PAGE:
After returning to power, he tried again in 2017, putting everything behind the party’s efforts on Punjab, but only managed to win 20 of 117 seats. Since then, AAP tempered its ambitions and focused exclusively on the Delhi re-election campaign.

Tuesday’s emphatic victory, with AAP winning enough seats to not be worried about a challenge at the state-level for the next five years, may awaken Kejriwal’s national aspirations yet again.

The Lok Sabha elections in 2019 made it clear that there is not yet a credible face that voters believe can take on Prime Minister Narendra Modi. There is no indication that the Congress’ Rahul Gandhi will ever be that face.

Kejriwal might hope to occupy that space. Even though his party was already well ahead in the run-up to this election, Kejriwal nevertheless engaged Prashant Kishor’s IPAC, the political consultancy that has been credited with helping Modi win in 2014.

Could the idea behind this be to help assist Kejriwal build an image that takes AAP beyond Delhi?

Delhi model

Kejriwal and AAP have been touting their “Delhi model”, an obvious echo of the Gujarat model that Narendra Modi used as a springboard to the national stage in the 2010s.

One aspect of this is a set of policies that can be replicated elsewhere, though they require the state to be somewhat wealthy and fairly urban: Big spending on education, the setting up of mohalla clinics, offering subsidies on electricity and water and distincitive moves like free bus rides for women.

But there is another aspect to Kejriwal’s politics: He managed a big win against the BJP without directly attacking Modi. Instead of taking the Rahul Gandhi route and trying to convince people that everything Modi does is bad, Kejriwal instead focused on his own work.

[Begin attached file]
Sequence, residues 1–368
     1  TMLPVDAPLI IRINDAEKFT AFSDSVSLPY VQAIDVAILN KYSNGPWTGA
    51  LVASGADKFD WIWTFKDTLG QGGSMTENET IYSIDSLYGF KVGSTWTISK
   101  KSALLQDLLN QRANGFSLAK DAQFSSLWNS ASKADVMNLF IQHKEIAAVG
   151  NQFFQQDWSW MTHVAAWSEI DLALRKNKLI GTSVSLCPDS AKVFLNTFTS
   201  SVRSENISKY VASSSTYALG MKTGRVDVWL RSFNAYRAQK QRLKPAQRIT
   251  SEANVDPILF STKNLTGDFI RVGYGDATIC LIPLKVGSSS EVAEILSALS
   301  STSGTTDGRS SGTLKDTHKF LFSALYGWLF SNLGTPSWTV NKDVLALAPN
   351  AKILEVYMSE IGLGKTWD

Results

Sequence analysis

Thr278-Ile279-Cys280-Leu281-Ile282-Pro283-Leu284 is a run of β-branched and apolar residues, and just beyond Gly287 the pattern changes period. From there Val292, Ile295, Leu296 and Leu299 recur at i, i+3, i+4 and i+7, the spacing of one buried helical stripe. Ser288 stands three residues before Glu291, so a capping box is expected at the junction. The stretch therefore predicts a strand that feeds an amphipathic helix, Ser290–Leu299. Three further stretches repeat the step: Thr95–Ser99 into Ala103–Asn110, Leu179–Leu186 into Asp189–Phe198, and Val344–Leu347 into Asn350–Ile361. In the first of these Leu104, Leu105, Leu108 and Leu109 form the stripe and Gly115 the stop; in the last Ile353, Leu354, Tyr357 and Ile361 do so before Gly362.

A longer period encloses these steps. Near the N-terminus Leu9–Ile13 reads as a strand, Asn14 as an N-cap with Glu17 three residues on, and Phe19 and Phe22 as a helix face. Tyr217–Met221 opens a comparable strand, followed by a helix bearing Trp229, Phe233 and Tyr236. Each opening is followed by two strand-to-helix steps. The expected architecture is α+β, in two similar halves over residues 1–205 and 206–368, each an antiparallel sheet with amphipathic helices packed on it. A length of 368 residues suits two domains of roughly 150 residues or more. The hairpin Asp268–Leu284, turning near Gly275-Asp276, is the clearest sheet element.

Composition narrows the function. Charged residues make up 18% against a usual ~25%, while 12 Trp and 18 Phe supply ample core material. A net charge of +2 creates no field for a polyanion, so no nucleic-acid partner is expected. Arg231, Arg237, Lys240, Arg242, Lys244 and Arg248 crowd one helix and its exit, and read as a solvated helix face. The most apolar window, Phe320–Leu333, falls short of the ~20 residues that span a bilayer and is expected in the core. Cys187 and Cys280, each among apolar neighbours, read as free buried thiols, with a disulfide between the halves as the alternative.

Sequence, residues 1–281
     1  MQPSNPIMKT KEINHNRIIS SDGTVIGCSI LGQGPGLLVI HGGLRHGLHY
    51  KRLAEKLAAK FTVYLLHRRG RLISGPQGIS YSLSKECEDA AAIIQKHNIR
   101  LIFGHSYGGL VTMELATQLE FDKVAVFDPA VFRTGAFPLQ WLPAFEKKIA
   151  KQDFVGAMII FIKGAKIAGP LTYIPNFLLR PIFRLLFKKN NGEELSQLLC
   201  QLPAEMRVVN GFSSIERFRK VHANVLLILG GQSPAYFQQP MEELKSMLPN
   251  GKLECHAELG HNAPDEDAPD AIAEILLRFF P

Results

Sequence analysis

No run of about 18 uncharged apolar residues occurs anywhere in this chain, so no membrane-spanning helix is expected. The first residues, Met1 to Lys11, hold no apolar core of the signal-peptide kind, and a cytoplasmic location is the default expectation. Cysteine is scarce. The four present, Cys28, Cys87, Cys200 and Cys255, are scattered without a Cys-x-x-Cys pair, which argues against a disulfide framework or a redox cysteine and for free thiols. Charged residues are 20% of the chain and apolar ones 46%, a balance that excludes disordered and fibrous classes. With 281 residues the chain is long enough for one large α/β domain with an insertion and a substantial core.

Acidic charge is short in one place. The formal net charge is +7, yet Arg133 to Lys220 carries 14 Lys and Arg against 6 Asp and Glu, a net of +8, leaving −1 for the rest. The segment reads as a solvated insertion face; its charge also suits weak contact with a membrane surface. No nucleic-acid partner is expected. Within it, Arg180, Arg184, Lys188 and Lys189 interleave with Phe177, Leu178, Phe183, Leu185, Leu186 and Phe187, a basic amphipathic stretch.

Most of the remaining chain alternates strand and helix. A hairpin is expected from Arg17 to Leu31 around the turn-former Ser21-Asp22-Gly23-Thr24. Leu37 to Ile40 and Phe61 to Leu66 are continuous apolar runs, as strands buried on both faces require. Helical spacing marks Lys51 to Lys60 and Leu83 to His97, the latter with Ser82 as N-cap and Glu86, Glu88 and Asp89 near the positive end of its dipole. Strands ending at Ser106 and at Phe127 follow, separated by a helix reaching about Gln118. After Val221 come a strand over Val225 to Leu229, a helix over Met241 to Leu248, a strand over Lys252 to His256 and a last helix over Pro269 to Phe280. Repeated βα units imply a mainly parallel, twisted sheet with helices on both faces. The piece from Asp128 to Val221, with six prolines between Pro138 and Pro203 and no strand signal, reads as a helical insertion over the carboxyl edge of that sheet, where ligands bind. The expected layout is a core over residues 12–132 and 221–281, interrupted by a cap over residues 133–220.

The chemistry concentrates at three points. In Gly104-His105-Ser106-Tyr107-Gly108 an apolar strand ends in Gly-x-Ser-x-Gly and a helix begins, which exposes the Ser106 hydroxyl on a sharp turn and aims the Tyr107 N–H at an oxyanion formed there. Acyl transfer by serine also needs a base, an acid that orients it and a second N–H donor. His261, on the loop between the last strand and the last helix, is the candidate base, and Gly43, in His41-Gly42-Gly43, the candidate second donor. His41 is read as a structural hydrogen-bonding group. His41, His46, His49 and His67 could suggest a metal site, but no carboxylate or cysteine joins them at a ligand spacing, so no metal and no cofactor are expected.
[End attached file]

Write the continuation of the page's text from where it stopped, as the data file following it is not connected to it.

He also did not differ with the BJP on the changes to Article 370 and though his party came out agains the Citizenship Act amendments, AAP did not allow that to become the central theme of this election.

This side of Kejriwal’s politics is indeed harder to emulate. AAP finds favour among liberals as well as the more conservative middle class in Delhi, in part because of its reputation for doing work, but also becomes it comes with no baggage in the form of either parochial identity or allegations of corruption in the past.

Could another politician pick and choose elements of Kejriwal’s victory, as also those of the other state parties that have registered successes in recent times, in an attempt to take on the BJP?

Up next on the election calendar, in terms of major states: Bihar in 2020, Tamil Nadu, West Bengal and Kerala in 2021, Punjab, Uttar Pradesh in early 2022.

There is no obvious candidate to fully replicate the AAP win, yet politicians in these states – some of whom have also engaged IPAC – might take a leaf or two out of the playbook. And if more states see BJP losses in the run-up to 2024, it could pave the way for a more credible grouping on the national stage ahead of Lok Sabha elections that year.